If you get fired or threatened with firing because you were arrested or because of something the police said to them, ask for a conference with your boss and find out what the police told them. Ask your coworkers too. They may not say that the police told them you were selling drugs etc., because they didn’t actually tell them that, they just suggested it in their loaded questions. So ask them what the police asked them, and how they asked the questions. If you get the feeling that the employer now believes something false about you, find out what it is. Calmly tell your employer or co-worker that it is a common police tactic to ask loaded questions that suggest criminal conduct even when they have no evidence of it. That is how they get people to confess or give information about others. If you calmly discuss this with your boss and calmly get them to admit that the police poisoned their opinion of you, then you have the opportunity to undo the damage. Your employer has known you for X years and has worked closely with you every day. Ask them, “do you really believe I would do such a thing? What have I ever done which would make you believe that?” Remind them of how your patterns of behavior in the past are completely inconsistent with what the police are suggesting you did.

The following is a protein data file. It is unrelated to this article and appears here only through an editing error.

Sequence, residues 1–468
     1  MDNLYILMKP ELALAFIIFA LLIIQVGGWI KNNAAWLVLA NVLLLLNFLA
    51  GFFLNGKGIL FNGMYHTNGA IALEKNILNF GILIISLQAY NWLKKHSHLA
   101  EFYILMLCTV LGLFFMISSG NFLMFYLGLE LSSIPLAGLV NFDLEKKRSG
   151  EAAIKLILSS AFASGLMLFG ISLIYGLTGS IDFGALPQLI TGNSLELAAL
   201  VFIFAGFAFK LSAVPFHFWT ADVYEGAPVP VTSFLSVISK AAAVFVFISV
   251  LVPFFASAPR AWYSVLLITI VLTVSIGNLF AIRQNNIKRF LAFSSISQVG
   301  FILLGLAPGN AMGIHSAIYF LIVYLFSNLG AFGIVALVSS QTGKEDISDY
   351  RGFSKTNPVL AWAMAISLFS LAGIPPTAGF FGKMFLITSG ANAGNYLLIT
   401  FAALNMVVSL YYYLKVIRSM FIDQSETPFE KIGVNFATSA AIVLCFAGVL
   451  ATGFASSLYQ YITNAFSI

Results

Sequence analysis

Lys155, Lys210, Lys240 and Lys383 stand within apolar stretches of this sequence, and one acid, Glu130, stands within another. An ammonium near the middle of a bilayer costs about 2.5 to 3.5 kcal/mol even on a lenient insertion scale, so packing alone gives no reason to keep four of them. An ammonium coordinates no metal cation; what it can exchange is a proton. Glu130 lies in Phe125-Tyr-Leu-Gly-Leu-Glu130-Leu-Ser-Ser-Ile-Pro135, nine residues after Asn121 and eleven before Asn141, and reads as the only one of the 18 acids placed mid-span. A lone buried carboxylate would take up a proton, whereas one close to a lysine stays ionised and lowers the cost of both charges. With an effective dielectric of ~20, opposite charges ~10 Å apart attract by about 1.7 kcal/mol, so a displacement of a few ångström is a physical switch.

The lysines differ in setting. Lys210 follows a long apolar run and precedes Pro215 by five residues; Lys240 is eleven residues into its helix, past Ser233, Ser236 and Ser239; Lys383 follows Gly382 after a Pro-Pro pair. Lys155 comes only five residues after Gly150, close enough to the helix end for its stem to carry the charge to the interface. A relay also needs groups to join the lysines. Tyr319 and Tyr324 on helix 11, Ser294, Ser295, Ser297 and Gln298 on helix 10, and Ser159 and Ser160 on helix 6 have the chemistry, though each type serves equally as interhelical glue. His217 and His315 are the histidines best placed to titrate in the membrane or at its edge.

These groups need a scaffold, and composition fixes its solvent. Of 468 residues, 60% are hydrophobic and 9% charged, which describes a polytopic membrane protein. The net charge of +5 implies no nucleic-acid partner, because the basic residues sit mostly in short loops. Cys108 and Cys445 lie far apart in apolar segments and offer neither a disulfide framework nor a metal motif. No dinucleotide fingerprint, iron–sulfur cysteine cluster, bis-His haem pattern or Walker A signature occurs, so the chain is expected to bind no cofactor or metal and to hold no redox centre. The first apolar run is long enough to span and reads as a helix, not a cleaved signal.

You may be able to talk them into giving you your job back.
When either of these things happens what do you do about it?
1. Stand up for yourself and refuse to be shamed
Maybe your husband or child was arrested and that triggered the forfeiture. That doesn’t mean you did anything wrong. Don’t let them shame you. They cannot take away your dignity and self-esteem unless you let them.
Stand up straight, look them in the eye and tell them that you did nothing wrong, and they shouldn’t blame you. This is what people expect an innocent person to do. Defend yourself! Isolating yourself from their prying eyes makes you look guilty to them.